Physiotherapist ban: groped patient; asked about happy ending

Physiotherapist happy ending groped patient

A Brisbane physiotherapist groped a 21-year-old patient, asked if he’d consider a happy ending, and attempted to fellate him.  The Queensland Civil and Administrative Tribunal (QCAT) banned the physiotherapist from registering as a health practitioner for a period of three years.

An Thien Vu treated the patient on four occasions at a Greenslopes practice. Registered as a physiotherapist since 2004, he previously completed a Bachelor of Physiotherapy degree at the University of Queensland.

The patient required treatment for a workplace injury to his foot and leg. He said that nothing inappropriate occurred during his first consultation.

However, during his second treatment, Vu repeatedly groped his genitals through his tracksuit, apologising each time. The patient assumed Vu needed to move his genitals to access his groin.

At the third appointment, Vu asked the young man to remove his pants. He kept his underwear on and Vu placed a towel over his genital area. Vu again repeatedly groped the patient. Most times he did this by grabbing through the towel, but sometimes he reached under the towel, occasioning skin to skin contact.

Judge Allen of QCAT characterised the gradually escalating touching as grooming.

“Calculated and protracted… testing the patient’s willingness to submit to such behaviour.”

Happy Ending

At his final appointment, the patient again lay on the table in his underwear. However, Vu did not cover him with a towel. Asked if he had ever been overseas, the patient responded that he previously travelled to Europe and Thailand.

Vu asked if he had a massage in Thailand, specifically mentioning a happy ending. He also asked whether the patient would ever consider a massage with a happy ending.

Telling him he was a ‘sexually active and a handsome boy’, Vu began to massage the man’s penis and testicles. He commented that ‘an uncircumcised penis retains more sensation’.

When the patient protested, Vu said, “I just wanted to make sure you were having a good time. I’m being very naughty.”

What’s the biggest penis you have ever seen?

Vu then asked. “What’s the biggest penis you have ever seen?”

He then pulled the patient’s penis out of his underwear and attempted to perform oral sex. Pushing Vu away, the patient climbed off the table, dressed and left.

Described by the practice receptionist as ‘not normal’ when he left the appointment, the patient then described what happened to his mother, a workmate and a psychologist. Within 30 minutes of the patient leaving the practice, his mother rang to complain about Vu’s behaviour. The practice consequently paid for psychological services for the patient.

The patient told the psychologist that while he felt ‘unsure’ about Vu repeatedly touching his penis during the initial consultations, he assumed that things like that might be necessary during physiotherapy. He told himself, “This guy is a doctor, he’s a professional.”

An Thien Vu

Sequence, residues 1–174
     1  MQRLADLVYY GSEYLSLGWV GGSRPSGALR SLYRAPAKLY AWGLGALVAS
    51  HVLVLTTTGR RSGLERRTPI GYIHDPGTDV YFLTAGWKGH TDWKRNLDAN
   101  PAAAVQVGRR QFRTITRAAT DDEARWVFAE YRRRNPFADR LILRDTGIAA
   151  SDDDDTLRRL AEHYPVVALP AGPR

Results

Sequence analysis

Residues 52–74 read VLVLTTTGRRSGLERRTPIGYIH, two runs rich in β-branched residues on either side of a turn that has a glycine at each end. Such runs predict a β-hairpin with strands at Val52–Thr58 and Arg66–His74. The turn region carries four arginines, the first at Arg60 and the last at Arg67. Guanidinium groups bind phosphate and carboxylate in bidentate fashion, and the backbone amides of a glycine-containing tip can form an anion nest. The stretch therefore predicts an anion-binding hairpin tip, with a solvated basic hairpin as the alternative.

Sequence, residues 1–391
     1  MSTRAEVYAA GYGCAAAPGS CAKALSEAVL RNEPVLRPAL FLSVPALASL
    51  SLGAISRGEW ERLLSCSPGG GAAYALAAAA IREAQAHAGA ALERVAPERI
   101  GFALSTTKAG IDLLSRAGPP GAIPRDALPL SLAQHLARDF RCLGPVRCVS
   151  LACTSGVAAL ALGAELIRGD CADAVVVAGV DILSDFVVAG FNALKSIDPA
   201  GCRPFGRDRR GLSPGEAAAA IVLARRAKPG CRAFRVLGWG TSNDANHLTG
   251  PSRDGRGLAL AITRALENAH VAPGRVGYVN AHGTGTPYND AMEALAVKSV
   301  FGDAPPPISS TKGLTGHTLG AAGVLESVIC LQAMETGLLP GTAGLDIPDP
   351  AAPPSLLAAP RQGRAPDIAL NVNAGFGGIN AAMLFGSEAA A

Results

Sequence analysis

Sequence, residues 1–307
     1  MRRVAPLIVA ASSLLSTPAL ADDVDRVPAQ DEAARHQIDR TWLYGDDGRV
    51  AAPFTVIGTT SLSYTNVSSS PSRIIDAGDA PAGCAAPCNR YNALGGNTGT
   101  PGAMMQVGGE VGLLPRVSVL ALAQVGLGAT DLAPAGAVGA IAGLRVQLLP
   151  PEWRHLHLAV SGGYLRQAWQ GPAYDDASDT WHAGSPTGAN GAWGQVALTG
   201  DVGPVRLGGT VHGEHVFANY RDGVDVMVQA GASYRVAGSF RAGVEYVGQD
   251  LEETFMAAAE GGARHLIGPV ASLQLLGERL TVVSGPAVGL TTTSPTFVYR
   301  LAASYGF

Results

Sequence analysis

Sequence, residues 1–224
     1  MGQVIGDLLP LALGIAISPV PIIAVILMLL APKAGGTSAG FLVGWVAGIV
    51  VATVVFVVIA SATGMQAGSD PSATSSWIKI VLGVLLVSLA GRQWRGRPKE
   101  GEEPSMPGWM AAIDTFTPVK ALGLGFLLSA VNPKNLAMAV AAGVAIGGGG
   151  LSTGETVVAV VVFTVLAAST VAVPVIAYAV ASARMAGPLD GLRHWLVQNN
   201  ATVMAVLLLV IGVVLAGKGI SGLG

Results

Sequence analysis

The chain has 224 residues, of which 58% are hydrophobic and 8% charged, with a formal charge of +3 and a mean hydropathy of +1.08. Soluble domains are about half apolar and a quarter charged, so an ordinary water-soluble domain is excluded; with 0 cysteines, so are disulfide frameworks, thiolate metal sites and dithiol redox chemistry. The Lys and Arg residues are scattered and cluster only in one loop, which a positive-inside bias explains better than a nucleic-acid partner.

The psychologist subsequently made a mandatory notification to the Health Ombudsman.

In correspondence with the practice after the incident, Vu denied behaving inappropriately.

“I leaned over the bed across his body, to get some more massage cream, and accidentally grazed his penis. He was in his underwear. I did stoop a bit too low in doing so which may appear like I’m bending down towards his crotch.”

In correspondence with the Health Ombudsman, Vu also accused the patient of playing with himself during treatment: “touching himself by massaging his genital area with his hand on the outside of the towel.”

Although initially represented at QCAT, Vu eventually ceased engaging with the tribunal. He left Australia on 2 October 2020 and the Tribunal is unaware of his current whereabouts.

The tribunal ruled the patient’s ‘detailed account of increasingly inappropriate conduct’ as cogent and compelling while describing Vu as an ‘unreliable historian’ during an interview with the Health Ombudsman.

The Tribunal banned Vu from applying to renew his now lapsed registration as a health practitioner for a period of three years.

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Destiny Rogers

Destiny Rogers embarked on her career in the media industry immediately after high school, initially joining Mirror News, which later evolved into News Ltd. She fondly recalls editing Ian Byford's 'Passing Glances: A History of Gay Cairns' as one of her most fulfilling projects. Additionally, Destiny co-researched and co-wrote 'The Queen's Ball', chronicling the history of the world's longest-running continuous queer event. Her investigative work on the history of Australia's COON Cheese and Edward Coon culminated in the publication 'COON: More Holes than Swiss Cheese', a collaborative effort with Dr. Stephen Hagan. Destiny's journey at QNews began as a feature writer, and she was subsequently elevated to the role of Managing Editor of QNews Magazine in 2018. However, in July 2022, she decided to resign from this role to refocus on research and feature writing. For contact, please reach out at

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